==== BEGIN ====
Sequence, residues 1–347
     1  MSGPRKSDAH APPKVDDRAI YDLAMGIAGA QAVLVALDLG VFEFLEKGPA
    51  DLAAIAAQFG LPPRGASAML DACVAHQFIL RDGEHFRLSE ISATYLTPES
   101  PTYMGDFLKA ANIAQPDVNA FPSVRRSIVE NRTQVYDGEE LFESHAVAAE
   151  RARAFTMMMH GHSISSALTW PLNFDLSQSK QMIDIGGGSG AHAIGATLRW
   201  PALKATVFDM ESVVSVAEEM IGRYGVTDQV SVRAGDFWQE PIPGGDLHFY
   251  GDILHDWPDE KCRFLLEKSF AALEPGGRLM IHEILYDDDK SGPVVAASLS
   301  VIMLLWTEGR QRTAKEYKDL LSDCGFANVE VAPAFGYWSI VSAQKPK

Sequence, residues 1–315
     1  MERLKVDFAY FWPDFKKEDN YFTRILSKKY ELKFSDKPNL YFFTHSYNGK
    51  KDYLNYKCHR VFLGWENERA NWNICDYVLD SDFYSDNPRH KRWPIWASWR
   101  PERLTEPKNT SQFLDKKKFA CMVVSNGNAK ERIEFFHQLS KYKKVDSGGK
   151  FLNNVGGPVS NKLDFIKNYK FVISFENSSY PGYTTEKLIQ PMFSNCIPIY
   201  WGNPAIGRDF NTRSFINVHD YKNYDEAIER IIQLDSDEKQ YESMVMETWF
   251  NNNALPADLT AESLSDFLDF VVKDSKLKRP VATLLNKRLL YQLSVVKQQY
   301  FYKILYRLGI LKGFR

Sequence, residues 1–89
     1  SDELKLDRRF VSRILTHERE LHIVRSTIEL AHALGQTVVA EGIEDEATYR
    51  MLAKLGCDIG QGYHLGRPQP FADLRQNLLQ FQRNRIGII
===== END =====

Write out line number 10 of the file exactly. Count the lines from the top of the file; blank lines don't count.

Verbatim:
     1  MERLKVDFAY FWPDFKKEDN YFTRILSKKY ELKFSDKPNL YFFTHSYNGK